Reduce the heat to a light, rolling simmer and cook to jam stage, about 20 minutes. 

Meanwhile, put the clean jars into a pre-heated oven at 140 C (300F). 

Return the plums to the jam kettle, and bring them back to the boil. Add the sugar to the plums, stirring to dissolve. 

Jam Stage Test 

Sheet or spoon test — Dip a cool metal spoon into the boiling jelly mixture. Raise the spoon out of the steam, about 12 inches above the pan. Turn the spoon so the liquid runs off the side. The jelly is done when the syrup forms two drops that flow together and sheet or hang off the edge of the spoon. 

Once the jam has reached setting point remove from the heat and stir and skim 5 minutes. 

Pour into hot sterilized jars and seal with lids sterilized according to the manufacturers directions. (Generally, boiled for 5 minutes.) 

Let cool, label and store when the jars have sealed.

Easy Chicken Bites

Chick-bites-webChicken breast seasoned with sage and Italian seasoning, rolled in prosciutto, then skewered.

Makes about 30-36 


6 boneless skinless chicken breasts, cut into chunks
12 strips prosciutto or streaky bacon
120g (4oz) cream cheese, room temperature
6 basil leaves, chopped

1 tbsp fresh thyme, leaves removed from the stalk and chopped
3 parsley sprigs, chopped
1/4 tsp salt
1/2 tsp fresh ground black pepper
2 garlic cloves, minced 


Preheat your oven to 175C (350F)

In a medium bowl mix together your whipped cream cheese, thyme, basil, parsley, salt, pepper and garlic.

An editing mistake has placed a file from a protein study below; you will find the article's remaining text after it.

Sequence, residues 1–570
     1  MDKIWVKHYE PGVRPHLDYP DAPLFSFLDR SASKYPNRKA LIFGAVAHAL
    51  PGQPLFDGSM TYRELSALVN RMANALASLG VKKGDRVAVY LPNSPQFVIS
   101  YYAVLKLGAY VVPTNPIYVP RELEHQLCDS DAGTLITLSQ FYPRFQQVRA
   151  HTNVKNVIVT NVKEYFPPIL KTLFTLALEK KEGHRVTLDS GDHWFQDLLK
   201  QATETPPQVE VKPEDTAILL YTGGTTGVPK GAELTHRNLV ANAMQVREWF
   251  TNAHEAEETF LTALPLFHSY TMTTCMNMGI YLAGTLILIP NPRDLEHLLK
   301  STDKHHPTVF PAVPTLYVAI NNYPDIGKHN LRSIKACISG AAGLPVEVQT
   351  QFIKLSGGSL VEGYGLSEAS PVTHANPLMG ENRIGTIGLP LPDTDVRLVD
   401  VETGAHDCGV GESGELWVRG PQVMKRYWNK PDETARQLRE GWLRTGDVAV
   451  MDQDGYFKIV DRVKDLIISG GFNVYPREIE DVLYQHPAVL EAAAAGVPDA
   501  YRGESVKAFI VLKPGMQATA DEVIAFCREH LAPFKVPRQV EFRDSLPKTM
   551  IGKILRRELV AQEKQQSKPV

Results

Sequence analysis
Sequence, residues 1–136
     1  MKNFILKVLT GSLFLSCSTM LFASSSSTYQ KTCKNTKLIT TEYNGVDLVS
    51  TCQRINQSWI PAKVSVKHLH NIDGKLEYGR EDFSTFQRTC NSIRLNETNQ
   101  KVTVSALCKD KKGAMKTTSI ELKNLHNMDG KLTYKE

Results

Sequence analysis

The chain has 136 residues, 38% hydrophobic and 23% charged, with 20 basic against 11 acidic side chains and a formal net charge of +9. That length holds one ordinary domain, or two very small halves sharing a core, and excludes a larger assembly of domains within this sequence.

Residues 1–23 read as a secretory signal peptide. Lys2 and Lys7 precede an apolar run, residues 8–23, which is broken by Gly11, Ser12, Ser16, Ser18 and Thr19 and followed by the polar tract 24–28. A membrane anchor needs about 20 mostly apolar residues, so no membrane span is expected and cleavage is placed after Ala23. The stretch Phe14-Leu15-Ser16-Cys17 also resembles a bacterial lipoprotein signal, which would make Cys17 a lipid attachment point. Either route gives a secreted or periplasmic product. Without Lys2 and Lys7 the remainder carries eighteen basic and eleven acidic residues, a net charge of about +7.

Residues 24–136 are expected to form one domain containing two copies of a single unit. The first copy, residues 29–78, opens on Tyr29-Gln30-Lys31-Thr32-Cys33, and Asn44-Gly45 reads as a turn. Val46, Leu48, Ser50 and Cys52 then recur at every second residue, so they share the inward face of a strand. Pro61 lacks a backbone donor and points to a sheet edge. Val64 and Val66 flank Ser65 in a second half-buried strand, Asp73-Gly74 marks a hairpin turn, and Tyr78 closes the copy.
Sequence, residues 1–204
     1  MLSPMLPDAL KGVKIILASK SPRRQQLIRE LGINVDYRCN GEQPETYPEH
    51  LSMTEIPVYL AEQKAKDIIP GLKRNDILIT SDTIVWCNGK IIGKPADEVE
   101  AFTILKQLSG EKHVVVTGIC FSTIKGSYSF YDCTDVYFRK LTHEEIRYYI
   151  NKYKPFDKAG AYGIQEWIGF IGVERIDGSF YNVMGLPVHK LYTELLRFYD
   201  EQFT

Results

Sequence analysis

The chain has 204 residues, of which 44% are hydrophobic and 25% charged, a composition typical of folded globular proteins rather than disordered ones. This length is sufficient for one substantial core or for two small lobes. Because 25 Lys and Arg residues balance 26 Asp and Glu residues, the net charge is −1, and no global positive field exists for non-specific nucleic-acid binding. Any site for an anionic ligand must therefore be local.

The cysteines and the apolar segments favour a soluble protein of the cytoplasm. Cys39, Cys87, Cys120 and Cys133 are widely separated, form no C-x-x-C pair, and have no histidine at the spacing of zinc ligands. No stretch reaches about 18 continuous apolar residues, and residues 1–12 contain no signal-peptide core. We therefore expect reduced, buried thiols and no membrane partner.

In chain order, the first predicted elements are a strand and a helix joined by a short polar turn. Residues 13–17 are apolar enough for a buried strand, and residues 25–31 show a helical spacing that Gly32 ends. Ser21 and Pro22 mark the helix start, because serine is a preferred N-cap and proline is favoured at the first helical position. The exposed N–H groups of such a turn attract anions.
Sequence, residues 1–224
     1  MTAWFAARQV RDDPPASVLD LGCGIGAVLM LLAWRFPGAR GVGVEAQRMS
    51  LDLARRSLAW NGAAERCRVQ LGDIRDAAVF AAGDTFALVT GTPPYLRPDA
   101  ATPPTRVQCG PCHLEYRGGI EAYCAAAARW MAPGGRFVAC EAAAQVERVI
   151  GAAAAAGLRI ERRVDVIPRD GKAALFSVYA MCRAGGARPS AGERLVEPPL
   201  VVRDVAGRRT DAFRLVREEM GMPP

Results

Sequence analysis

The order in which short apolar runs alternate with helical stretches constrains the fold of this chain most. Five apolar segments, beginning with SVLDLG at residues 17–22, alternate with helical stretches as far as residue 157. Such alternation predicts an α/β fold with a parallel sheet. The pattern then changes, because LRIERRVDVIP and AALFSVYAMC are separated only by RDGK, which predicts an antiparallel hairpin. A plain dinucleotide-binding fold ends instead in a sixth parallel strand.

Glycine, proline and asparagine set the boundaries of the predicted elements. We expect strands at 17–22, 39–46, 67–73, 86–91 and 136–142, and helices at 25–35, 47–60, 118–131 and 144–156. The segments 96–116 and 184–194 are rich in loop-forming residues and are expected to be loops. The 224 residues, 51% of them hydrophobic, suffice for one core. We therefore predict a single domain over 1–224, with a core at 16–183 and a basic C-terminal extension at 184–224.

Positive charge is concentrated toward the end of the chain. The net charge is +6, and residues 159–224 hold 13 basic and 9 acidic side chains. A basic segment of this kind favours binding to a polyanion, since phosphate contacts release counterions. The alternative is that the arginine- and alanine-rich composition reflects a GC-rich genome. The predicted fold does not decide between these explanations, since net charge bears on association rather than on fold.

Spread the cream cheese mixture on each piece of bacon and then cut into thirds. Then wrap 1 piece of chicken with the piece of bacon. It will only wrap around one time, secure with a skewer.

Place on a flat baking tray lined with parchment paper, and bake in the oven for 30 minutes or until the bacon is crispy and the chicken is cooked through.

Whats in the Pantry Frittata

fancy-frittata-webFrittatas are a great “go to” when you want an easy brunch, lunch or evening meal. There are so many things that can go in them and they are ideal for using up leftovers from the fridge and pantry. 

If you are catering for a crowd you can make several in batches and heat them up later as required. 

What Are Frittatas? 

A frittata is an Italian twist on the humble omelet. Since there’s no tricky flip to perform, they’re actually easier to make. Fantastico! 

Frittatas combine eggs and various combinations of vegetables, meat, cheese and even cooked pasta. The end result looks a bit like a quiche, without the crust.